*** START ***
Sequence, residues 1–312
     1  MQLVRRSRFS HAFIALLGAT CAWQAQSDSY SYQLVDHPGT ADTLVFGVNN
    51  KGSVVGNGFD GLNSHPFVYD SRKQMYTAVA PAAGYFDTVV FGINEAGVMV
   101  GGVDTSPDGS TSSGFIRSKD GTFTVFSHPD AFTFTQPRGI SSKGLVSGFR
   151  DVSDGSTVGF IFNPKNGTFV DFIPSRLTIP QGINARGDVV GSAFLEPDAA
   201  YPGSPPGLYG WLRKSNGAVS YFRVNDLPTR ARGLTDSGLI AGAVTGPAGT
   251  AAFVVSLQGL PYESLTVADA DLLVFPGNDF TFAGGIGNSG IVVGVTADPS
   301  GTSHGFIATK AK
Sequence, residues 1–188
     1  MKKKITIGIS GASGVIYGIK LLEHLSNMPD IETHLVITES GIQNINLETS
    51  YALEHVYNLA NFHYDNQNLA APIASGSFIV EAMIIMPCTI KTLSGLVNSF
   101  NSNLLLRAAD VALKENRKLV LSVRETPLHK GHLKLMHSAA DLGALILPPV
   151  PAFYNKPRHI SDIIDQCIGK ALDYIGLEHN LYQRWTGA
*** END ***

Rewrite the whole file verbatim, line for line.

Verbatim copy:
Sequence, residues 1–312
     1  MQLVRRSRFS HAFIALLGAT CAWQAQSDSY SYQLVDHPGT ADTLVFGVNN
    51  KGSVVGNGFD GLNSHPFVYD SRKQMYTAVA PAAGYFDTVV FGINEAGVMV
   101  GGVDTSPDGS TSSGFIRSKD GTFTVFSHPD AFTFTQPRGI SSKGLVSGFR
   151  DVSDGSTVGF IFNPKNGTFV DFIPSRLTIP QGINARGDVV GSAFLEPDAA
   201  YPGSPPGLYG WLRKSNGAVS YFRVNDLPTR ARGLTDSGLI AGAVTGPAGT
   251  AAFVVSLQGL PYESLTVADA DLLVFPGNDF TFAGGIGNSG IVVGVTADPS
   301  GTSHGFIATK AK
Sequence, residues 1–188
     1  MKKKITIGIS GASGVIYGIK LLEHLSNMPD IETHLVITES GIQNINLETS
    51  YALEHVYNLA NFHYDNQNLA APIASGSFIV EAMIIMPCTI KTLSGLVNSF
   101  NSNLLLRAAD VALKENRKLV LSVRETPLHK GHLKLMHSAA DLGALILPPV
   151  PAFYNKPRHI SDIIDQCIGK ALDYIGLEHN LYQRWTGA